Conventional Metzenbaum scissors and DeBakey forceps are introduced through the minithoracotomy wound for sharp dissection of the hilum. The sponge holding forceps from the posterior wound is used to provide appropriate traction and to position the lobes so that the hilum can be easily accessed through the minithoracotomy. If there are adhesions of the lung to the chest wall or mediastinum, these should be taken down before starting the hilar dissection as it is essential to be able to freely move the lobes around.

If the interlobar fissure is complete or nearly complete, sharp incision of the visceral pleura and blunt dissection using a dental pledget mounted on a conventional curved clamp allow easy identification of the pulmonary artery. If the fissure is not complete, we find a monopolar diathermy forceps (Olsen Electrosurgical, Inc., Concord, CA) at a low setting to be useful for hemostasis when a layer of lung parenchyma has to be divided to access the interlobar vessels.

Dissecting around a pulmonary vessel is basically the same as in conventional, open surgery. We use a right-angle Mixter clamp to go around a vessel, and then loop it with a heavy silk ligature. With gentle traction on the suture, a dental pledget is used to gently dissect the undersurface of the vessel. A mechanical stapler (Endo-GIA 30V; Autosuture, United States Surgical, Norwalk, CT) is then introduced through one of the other two ports (depending on the alignment), but usually the camera port (with the thoracoscope repositioned to view through the minithoracotomy wound) to staple-transect the vessel. Appropriate traction (using a sponge holding forceps from the other port) is crucial in aligning the vessel with the stapler for transection (Figure 3). In recent years, we have been using more frequently ligation of pulmonary arterial branches with extracorporeal knots instead of mechanical staplers mainly to reduce cost.[5] We tend not to use many endoclips for small pulmonary branches, as their presence could interfere with the subsequent use and functioning of the endostaplers.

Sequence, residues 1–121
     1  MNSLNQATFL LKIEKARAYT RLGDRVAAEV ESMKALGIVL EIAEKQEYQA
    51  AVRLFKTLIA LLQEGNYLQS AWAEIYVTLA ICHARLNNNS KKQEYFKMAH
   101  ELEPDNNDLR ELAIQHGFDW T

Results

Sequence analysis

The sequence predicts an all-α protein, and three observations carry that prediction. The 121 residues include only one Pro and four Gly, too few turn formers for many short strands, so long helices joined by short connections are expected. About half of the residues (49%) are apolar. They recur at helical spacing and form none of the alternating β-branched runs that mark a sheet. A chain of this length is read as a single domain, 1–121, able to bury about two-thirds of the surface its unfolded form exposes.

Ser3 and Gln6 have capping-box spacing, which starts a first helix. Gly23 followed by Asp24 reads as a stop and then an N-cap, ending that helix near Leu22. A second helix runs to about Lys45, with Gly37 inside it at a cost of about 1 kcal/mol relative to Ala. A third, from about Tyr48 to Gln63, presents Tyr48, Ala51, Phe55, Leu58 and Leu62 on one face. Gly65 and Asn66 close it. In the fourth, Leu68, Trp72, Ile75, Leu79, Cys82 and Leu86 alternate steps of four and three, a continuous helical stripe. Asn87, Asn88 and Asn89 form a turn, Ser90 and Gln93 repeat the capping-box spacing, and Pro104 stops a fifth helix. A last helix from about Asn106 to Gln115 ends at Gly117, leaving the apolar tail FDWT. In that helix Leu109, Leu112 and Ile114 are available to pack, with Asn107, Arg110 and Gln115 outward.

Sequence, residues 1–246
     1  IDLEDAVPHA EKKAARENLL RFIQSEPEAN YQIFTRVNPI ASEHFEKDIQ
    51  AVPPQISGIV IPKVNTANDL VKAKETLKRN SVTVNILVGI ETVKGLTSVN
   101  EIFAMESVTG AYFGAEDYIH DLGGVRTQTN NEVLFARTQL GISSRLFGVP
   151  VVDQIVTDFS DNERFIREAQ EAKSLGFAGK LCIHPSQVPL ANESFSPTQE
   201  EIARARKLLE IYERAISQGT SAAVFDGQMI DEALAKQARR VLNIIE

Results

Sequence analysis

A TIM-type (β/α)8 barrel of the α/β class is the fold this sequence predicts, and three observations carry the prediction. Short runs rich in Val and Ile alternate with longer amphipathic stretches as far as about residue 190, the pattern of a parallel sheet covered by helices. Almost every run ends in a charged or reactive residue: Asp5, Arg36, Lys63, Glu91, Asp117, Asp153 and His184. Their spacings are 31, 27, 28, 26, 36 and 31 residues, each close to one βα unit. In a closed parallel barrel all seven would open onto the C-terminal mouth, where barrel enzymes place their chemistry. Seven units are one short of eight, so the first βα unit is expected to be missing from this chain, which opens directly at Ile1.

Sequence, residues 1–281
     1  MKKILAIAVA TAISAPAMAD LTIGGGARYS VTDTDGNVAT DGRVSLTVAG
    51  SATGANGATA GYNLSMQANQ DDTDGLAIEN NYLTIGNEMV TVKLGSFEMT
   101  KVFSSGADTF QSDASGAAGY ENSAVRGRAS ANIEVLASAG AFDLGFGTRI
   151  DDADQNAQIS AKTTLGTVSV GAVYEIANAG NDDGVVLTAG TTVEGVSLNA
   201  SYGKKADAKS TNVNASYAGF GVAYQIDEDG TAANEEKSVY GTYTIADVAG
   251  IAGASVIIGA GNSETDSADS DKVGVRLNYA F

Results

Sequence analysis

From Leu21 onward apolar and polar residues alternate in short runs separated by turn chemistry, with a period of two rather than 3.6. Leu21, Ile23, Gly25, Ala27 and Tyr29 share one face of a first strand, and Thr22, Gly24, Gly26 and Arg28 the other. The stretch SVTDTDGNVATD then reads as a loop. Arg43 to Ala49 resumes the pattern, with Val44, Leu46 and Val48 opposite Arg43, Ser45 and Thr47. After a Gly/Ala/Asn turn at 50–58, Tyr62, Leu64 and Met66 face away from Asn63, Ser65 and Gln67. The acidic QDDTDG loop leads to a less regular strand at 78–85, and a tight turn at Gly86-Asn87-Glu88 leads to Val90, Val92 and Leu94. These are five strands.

Figure Figure
Figure 3a-b. Management of the left main pulmonary artery (PA) in a VATS pneumonectomy to illustrate our technique. (a) Under thoracoscopic vision, the PA is dissected around with a conventional right angle clamp. A #2 silk tie is about to be pulled around the vessel. (b) With traction on the silk tie, a dental pledget mounted on a right angle clamp is used to open up the space behind the PA. Any suspicious mediastinal lymph node, like level 5, is biopsied and a frozen section is performed before proceeding further.
Figure Figure
Figure 3c-d. (c) A vascular stapler (EndoGIA30V, Autosuture, USC) is used to staple-transect the PA. (d) Three rows of staples are left on either side of the transected PA. The final diagnosis in this patient is T2N0M0 Stage Ib squamous cell carcinoma. (reproduced with permission from Yim APC. Video Assisted Pulmonary Resection. In Pearson FG, Cooper JD, Deslauriers J et al (eds) Thoracic Surgery (2nd edition) Churchill Livingstone)

Lewis and his colleagues have accumulated extensive experience on simultaneously staple-transecting the pulmonary vasculature and lobar bronchus with excellent results.[6] The author has modified and adopted this technique for lower lobectomy (for bronchiectasis) on a couple of occasions, during which individual isolation of the pulmonary artery and bronchus to the lower lobe proved to be technically difficult or even hazardous. On both occasions, the inferior vein was taken separately.

The lobar bronchus is divided with a linear mechanical stapler with a built in blade for transection (Endo-GIA 30 with closed staple height of 1.5 mm; Autosuture, USC, Norwalk, CT). The mainstem bronchus requires use of a different stapler that necessitates manual transection (Roticulator 30 with closed staple height of 2 mm; Autosuture, USC, Norwalk, CT). The integrity of the bronchial stump is then tested to 35 cm of airway pressure in the usual manner underwater.

Release of the pulmonary ligament is required following upper and/or middle lobectomies. Although this is usually a straightforward maneuver, the positions of the ports and minithoracotomy mean that paradoxical motion would be difficult to avoid. Paradoxical motion is generated when the camera and instruments are facing each other. We have found that by turning the camera 180 degrees, a normal spatial relationship is restored for the operator.[7] This simple maneuver allows the surgeon to use the camera and existing ports to his/her best ergonomic advantage.

We do not perform VATS mediastinal lymphadenectomy. If a complete lymph node dissection is considered necessary, it should be done through a thoracotomy. There are surgeons who advocate routine VATS lymphadenectomy, but just like open surgery, their results have not been shown to be superior to those who perform lymph node sampling.[8]

A wound protector should be used to avoid any potential implantation of tumor cells in the wound. When the primary tumor is less than 4 cm, we generally have found that a mechanical rib spreader is not necessary for retrieval of the resected lobe, bi-lobe or even the entire lung (although some manual rib retraction may be needed at the time of retrieval).

The entire hemithorax is then copiously irrigated with warm saline. If there is any significant parenchymal leak, endoscopic suturing can be done through the mini-thoracotomy.